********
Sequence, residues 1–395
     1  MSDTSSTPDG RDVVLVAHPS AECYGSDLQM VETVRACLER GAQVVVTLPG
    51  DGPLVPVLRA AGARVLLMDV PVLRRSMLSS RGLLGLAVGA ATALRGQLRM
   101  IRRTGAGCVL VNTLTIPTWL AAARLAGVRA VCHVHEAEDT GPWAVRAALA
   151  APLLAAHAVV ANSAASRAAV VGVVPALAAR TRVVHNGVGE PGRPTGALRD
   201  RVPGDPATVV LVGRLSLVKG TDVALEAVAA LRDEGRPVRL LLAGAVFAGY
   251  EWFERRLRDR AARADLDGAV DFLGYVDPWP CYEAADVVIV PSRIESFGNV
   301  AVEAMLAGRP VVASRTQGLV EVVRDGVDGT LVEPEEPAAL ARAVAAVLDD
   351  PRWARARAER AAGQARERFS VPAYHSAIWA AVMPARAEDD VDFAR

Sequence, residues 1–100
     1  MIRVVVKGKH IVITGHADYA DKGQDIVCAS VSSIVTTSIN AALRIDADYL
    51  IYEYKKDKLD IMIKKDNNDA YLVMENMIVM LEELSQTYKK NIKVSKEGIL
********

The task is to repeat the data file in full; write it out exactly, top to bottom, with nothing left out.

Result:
Sequence, residues 1–395
     1  MSDTSSTPDG RDVVLVAHPS AECYGSDLQM VETVRACLER GAQVVVTLPG
    51  DGPLVPVLRA AGARVLLMDV PVLRRSMLSS RGLLGLAVGA ATALRGQLRM
   101  IRRTGAGCVL VNTLTIPTWL AAARLAGVRA VCHVHEAEDT GPWAVRAALA
   151  APLLAAHAVV ANSAASRAAV VGVVPALAAR TRVVHNGVGE PGRPTGALRD
   201  RVPGDPATVV LVGRLSLVKG TDVALEAVAA LRDEGRPVRL LLAGAVFAGY
   251  EWFERRLRDR AARADLDGAV DFLGYVDPWP CYEAADVVIV PSRIESFGNV
   301  AVEAMLAGRP VVASRTQGLV EVVRDGVDGT LVEPEEPAAL ARAVAAVLDD
   351  PRWARARAER AAGQARERFS VPAYHSAIWA AVMPARAEDD VDFAR

Sequence, residues 1–100
     1  MIRVVVKGKH IVITGHADYA DKGQDIVCAS VSSIVTTSIN AALRIDADYL
    51  IYEYKKDKLD IMIKKDNNDA YLVMENMIVM LEELSQTYKK NIKVSKEGIL